There is no human review to 950, Steveb is absolutely correct. Pages that were affected by 95o changed and moved up in rank once that methodology I wrote about was applied and the new page was cached in the index.

The problem is, knowing 'what part' of those changes tipped the scales. I doubt I will ever conclusively know, but the point was change - enough to tip the scales.

To say that human evaluation was a part of the process would be saying that Google engineers actually monitored and cared how my little piece of property at the edge of world was doing. Highly unlikely.

Since I don't think anyone can nail it down, here are descriptive phrases you might want to think about:)

-Automatic algorithmic evaluation of factors
-Not based on human review whatsoever
-Correct or "incorrect" tipping of scales on Google's part due to x number of factors

Re-evaluate again parts of you website that Google can and does "see".

For the most part my reasoning was at the time that if there are websites that have recovered without changing anything whatsoever on their website, then it could be likely that x off factors, which have resolved themselves, might have been the cause. Otherwise, by some deductive reasoning, since this is filter applied to something, then obviously something had to trigger it. (Hope that makes sense)

tedster




msg:3587661
 12:54 am on Feb 29, 2008 (gmt 0)

Here are a few of the factors that the spam detection patent mentions:

"...grammatical or format markers, for example by being in boldface, or underline, or as anchor text in a hyperlink, or in quotation marks."

"...whether the occurrence is a title, bold, a heading, in a URL, in the body, in a sidebar, in a footer, in an advertisement, capitalized, or in some other type of HTML markup."

I would suggest looking to see if your pages are using the penalized term and its naturally co-occuring phrase in too many of these ways.

arubicus




msg:3587855
 9:27 am on Feb 29, 2008 (gmt 0)

Here are a few of the factors that the spam detection patent mentions:

"...grammatical or format markers, for example by being in boldface, or underline, or as anchor text in a hyperlink, or in quotation marks."

"...whether the occurrence is a title, bold, a heading, in a URL, in the body, in a sidebar, in a footer, in an advertisement, capitalized, or in some other type of HTML markup."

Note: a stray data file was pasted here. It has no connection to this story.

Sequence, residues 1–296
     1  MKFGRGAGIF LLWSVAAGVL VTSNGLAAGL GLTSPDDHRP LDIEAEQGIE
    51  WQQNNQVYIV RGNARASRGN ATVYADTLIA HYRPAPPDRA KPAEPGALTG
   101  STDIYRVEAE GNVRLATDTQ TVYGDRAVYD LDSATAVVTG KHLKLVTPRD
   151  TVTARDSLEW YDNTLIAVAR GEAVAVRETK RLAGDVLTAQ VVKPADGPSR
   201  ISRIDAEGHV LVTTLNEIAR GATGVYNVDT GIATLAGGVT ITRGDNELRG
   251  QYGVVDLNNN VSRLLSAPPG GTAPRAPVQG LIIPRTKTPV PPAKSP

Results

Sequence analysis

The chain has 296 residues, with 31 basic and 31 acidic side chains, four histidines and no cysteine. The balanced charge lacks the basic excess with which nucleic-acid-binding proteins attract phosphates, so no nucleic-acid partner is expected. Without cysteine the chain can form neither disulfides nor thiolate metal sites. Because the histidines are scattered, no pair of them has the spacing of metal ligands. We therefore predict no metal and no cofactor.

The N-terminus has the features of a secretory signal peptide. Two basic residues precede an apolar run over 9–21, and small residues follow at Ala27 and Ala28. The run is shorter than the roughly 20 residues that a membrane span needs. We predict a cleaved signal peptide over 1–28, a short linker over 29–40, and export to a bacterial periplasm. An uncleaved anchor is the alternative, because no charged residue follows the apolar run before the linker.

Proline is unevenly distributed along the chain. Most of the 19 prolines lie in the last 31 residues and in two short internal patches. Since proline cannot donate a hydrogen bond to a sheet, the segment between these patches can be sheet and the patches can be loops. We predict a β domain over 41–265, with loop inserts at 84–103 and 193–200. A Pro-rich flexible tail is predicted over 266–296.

I would suggest looking to see if your pages are using the penalized term and its naturally co-occuring phrase in too many of these ways.

Hard to know because it isn't necessarily a specific penalized targeted term being 950'd. As in a targeted term 950'd but other terms still rank. Pretty much nothing ranks and seen many instances where targeted and non targeted stuff will bring a page up 950'd. It has been ever changing for us so it is hard to pinpoint while also acting somewhat differently from page to page more than likely due to other factors. I do want to mention that this is site wide. Across many thousands of pages and different styles of writing and structure. In other words this is pretty vast.

Here is a format that we use for our site and the common elements of each page:

Meta Titles: All unique in that they have different title text. Some words and keywords can be found in others. When you have a section on widgets you will have multiple titles with wigets in it. But not all. and sometimes do and don't contain targeted phrases.

Some titles do and don't contain all keywords targeted.

The title is usually the same as h1 Tags. Have the ability to vary it if we want. But makes no sense for articles to do so. Even at that this is a very common practice for those to match p. If the titles are long we will shorten them up and leave the longer version for the h1 headings

Example of our titles would be:

Do You Know the 4 Tips That Will Help Your Child Read Sooner?

Keywords: Gone so no worries there.

Descriptions: Vary and not necessarily contain exact phrases. Sometimes split sometimes not. Sometimes just a fraction of the phrase. Some contain more complete version of our target if the title/h1 do not contain all that we wanted. No description is the same and webmaster tools reports one short description.

h1 tags: Most generally the same as the title. We are experimenting with different variations between the h1 and title. One thing we could test is drop a keyword out of a phrase completely. Our other tests have used same key phrases but mixed around a bit.

Navigation: Before redesign it was keyword heavy but really not that bad. I see far worse now from better known sites to junk sites listed in the top 50. -- We are completing our changeover to a new navigation system where we won't repeat if possible. It does deepen the site a bit. The link text in the navigation is different than the titles of the page being linked to but yes they may contain the same keyword. Many times how can you not. Lets say I have a section called Recipes. I will probably use that as the navigation link text and use a more descriptive title like "Recipes For All Occasions" (just an example off the top of my head). In the h1 tag of the Recipes page...Well ya know you are going to use the term again. Again experimenting with variations.

h2/h3 tags: Use them when necessary. Some contain the keywords and some don't. Sometimes intentional sometimes not.

b/i/u: Never really use any of these to highlight keywords.